TOUR BLOG: TALES FROM THE BROOMWAGON PART 5
Day 4 – Tuesday, July 4
TWO evenings ago we had tarte flambée for dinner in the courtyard of a very nice restaurant at Ittenheim on the N4 between Strasbourg and Wasselonne. It was approaching 10pm on a Sunday night and so we were anxious to get a table before they started turning people away, hence I didn’t note the name of the restaurant.
In terms of waitresses we got very much the loyal domestique who looked like she’d done a fair bit of water carrying in her time, rather than the slender, lithe team leader but hey, at least they let us dine. There are plenty of restaurants in France that love nothing better than turning hungry foreign would-be diners away on a whim because it’s getting close to closing time. There was even one time where I stood amazed as a French family were ushered in while I was told diner was ‘fini’. That led to a gourmet meal of potato chips and a chocolate bar that had melted and reformed in the shape of my colleague’s buttocks as he had spent the afternoon sitting on it.
Anyway, the tarte flambée, for those who don’t know, is an Alsatian speciality. It’s like a pizza but with a calorie-busting crème fraiche and cheese sauce instead of tomato. It was very nice but it’s been repeating on me a bit ever since.
The astonishing thing was that every few minutes a donkey could be heard braying, from a stable on the other side of the courtyard. Perhaps he lives on a diet of tarte flambée. In the bar sat an enormous Alsatian dog drinking water from one of those catering industry-sized butter tubs.
YESTERDAY evening we spotted signs for a camp site in Thionville and decided it would be foolish to look a gift horse in the mouth. On arrival Ed clearly made an impression on Madame at the reception kiosk. She looked like Ann Widdecombe in her blonde phase. Ed was definitely in with a shout.
She was convinced she had met him before and said she recognised his face and his voice. Ed ignored me when I asked if he had any distinguishing features so we could clear this whole thing up and drive to our pitch. She continued to explain in great detail every aspect of the site and its rules and then said she wanted a picture of us for her book. This prompted Ed to write ‘Help’ on his palm and show it to me. It was too late, I was heading for camping berth six.
We had a bit of time for a ride – the first time I’ve managed to haul the Colnago C50 off the back of the camper. Everything was going very well as we set off on a little loop into the countryside outside Thionville. We crested a little climb and started our descent.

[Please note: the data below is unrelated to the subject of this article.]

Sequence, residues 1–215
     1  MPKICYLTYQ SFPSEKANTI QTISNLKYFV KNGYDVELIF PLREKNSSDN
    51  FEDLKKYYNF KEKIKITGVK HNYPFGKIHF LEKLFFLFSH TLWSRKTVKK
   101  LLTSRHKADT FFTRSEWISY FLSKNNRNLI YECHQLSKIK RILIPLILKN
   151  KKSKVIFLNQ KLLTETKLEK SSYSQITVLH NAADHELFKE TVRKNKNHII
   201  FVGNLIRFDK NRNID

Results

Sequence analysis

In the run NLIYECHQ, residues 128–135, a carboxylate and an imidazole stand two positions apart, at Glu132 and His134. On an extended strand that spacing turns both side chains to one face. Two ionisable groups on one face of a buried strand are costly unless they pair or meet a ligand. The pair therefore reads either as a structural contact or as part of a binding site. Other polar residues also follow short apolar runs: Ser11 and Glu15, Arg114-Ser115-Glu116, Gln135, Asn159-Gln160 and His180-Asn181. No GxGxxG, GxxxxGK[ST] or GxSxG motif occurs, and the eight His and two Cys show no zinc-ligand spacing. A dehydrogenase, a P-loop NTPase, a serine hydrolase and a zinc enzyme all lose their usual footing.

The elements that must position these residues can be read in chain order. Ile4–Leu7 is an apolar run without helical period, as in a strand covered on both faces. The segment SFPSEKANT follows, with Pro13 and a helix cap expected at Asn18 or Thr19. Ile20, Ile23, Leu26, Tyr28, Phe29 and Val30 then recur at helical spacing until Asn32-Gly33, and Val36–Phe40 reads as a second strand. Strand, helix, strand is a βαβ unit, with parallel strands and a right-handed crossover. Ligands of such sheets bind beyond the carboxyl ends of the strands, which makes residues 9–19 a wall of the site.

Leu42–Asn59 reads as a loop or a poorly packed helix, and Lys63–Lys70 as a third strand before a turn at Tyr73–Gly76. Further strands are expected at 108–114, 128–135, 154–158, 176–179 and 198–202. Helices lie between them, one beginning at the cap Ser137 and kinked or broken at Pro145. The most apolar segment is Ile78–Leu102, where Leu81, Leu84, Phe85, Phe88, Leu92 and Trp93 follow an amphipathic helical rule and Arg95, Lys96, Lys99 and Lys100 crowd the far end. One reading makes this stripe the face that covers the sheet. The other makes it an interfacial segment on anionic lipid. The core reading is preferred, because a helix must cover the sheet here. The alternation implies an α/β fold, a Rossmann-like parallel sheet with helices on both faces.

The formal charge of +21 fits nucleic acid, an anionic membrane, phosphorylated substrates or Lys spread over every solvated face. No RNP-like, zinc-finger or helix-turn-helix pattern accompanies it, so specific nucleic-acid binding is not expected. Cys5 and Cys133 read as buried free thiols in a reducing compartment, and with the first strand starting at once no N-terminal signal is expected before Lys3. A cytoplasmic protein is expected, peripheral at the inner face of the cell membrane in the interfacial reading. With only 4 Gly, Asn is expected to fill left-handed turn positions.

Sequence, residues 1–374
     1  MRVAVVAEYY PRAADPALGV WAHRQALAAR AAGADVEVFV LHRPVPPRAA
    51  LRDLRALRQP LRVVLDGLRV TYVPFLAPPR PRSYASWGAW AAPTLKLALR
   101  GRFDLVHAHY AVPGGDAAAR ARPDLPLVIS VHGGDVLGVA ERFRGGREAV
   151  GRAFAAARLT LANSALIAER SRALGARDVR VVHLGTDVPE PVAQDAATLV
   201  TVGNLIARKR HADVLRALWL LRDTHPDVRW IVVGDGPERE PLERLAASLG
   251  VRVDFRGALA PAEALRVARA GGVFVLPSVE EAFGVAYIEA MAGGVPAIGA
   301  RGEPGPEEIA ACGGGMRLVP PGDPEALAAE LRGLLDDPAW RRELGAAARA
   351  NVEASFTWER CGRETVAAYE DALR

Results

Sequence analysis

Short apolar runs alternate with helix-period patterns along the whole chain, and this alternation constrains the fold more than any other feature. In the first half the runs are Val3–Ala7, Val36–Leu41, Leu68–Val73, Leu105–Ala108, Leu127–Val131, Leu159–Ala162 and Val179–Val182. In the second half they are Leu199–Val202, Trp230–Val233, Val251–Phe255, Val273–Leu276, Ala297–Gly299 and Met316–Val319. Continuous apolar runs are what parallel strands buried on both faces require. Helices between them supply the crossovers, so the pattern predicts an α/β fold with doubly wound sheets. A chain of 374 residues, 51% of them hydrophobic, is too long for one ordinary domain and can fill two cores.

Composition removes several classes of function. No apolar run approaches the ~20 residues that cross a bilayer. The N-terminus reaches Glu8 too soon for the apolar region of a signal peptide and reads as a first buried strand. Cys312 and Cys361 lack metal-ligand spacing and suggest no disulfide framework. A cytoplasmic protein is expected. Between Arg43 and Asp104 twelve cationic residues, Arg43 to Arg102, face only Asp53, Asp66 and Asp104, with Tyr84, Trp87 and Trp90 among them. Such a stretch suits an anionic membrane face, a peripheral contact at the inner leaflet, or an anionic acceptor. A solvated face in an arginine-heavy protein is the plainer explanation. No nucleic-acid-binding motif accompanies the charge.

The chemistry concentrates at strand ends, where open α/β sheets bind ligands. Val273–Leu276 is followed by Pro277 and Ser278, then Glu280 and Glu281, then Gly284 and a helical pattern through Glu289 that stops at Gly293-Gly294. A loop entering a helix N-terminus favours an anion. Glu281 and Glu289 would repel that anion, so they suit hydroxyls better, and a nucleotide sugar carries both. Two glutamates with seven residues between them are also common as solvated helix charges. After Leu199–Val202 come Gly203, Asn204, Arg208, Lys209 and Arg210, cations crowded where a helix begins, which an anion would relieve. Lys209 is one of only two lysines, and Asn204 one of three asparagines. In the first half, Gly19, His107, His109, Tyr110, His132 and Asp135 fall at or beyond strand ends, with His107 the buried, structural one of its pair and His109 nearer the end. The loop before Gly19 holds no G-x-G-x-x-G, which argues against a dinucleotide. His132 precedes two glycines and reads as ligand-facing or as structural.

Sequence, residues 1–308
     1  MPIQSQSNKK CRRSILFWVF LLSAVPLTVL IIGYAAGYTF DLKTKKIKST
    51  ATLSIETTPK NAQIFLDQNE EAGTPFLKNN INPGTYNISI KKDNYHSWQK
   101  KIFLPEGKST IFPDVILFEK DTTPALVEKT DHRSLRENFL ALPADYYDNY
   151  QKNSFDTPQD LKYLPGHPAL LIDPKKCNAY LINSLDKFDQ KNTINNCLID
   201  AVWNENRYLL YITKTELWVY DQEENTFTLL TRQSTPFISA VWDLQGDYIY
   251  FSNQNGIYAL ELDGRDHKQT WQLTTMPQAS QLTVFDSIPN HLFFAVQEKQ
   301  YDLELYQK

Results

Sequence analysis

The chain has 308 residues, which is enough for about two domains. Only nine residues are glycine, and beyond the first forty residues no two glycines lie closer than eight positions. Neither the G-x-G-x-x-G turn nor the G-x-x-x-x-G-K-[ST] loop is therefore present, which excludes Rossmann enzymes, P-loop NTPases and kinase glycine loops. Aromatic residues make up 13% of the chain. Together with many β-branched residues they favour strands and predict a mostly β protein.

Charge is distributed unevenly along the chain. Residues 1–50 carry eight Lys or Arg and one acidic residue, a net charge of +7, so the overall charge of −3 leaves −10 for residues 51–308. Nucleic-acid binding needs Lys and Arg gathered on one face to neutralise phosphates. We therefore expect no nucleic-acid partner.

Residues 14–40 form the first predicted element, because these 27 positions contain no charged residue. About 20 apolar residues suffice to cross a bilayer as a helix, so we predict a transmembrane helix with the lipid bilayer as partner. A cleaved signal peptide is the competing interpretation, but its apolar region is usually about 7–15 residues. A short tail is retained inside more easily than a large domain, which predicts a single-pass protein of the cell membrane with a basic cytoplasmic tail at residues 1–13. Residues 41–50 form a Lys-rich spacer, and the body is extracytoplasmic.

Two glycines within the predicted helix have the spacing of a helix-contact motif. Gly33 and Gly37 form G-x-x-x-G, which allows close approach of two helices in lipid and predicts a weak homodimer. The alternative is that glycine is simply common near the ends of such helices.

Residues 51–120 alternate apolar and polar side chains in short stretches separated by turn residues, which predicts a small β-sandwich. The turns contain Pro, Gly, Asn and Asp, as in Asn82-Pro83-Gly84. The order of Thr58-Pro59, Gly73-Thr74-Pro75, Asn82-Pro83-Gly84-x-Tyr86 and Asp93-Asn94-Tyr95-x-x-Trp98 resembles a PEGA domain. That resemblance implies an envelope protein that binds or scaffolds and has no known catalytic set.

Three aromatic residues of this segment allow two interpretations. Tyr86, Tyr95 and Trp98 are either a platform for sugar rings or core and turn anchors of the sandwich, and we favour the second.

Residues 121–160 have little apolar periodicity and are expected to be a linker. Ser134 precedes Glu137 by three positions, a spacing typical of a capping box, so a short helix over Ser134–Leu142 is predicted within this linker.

“Er, Ed,” I asked. “How far is it back to the camp site?”
“Not too far. Why?”
“My crank is loose.”
“Quite loose as in ‘it’s going to fall off in a minute’?”
“Well, I’d like to see a sign that says ‘Thionville 4’.”
I thought I’d got away with it but the crank must have caught sight of the sign that said ‘Thionville 9’ and gave up the ghost.
I was left with the crank still attached to my foot. The game was up. We had no Allen keys with us and so decided that Ed would ride back to the camp site and get them while I walked and tried to catch a lift.
I walked, climbing on to descend whenever I could roll downhill on the bike. I was beginning to think it would be dark by the time I got back to the site when a car slowed and pulled over. The driver asked where I was going and offered me a lift. The inside of his car was immaculate and I immediately wished I’d at least wiped a damp cloth over the thing before leaving for France.
My saviour turned out to be a runner and keen cycling fan called Vincent. He was also looking forward to France’s World Cup quarter-final against the Sardine-munchers that beat England and expressed regret that the English had not got through. “We would definitely have beaten you,” he said. “Portugal have some good players. England have Rooney and Crouch. An imbecile and an obelisk.” Fair point.
Vincent declined my offer of a drink and said it was just part of the service. In return I promised to support the French against the cynical, diving, cheating Portuguese and their Gene Hackmann look-a-like coach.
Ed and I ate at the first restaurant we could find still serving at 10.30pm – Le Papagayo and then had a nightcap in Thionville’s bustling square, where Ed attracted the attention of the male waiter.
I told him that if he wants to put a “don’t come a-knockin’ if this van’s a-rockin’” sticker on the camper van he only has to say and I’ll check into a hotel.
This morning we drove. And drove. We sat in traffic jams on motorways in three countries – France, Luxembourg and Belgium. We got hot. We got directed to the wrong car park in Valkenburg by a man who looked as if he was about to spend our five Euro parking fee at the ice cream van parked opposite. In fact, he kept glancing across at it as he had his hand held out for our money.
BREAKING TOILET NEWS: Ed became the first to use the chemical toilet this morning because the toilets at the camp site were being ‘repaired’. “It felt good,” said Pickering, 33, of London.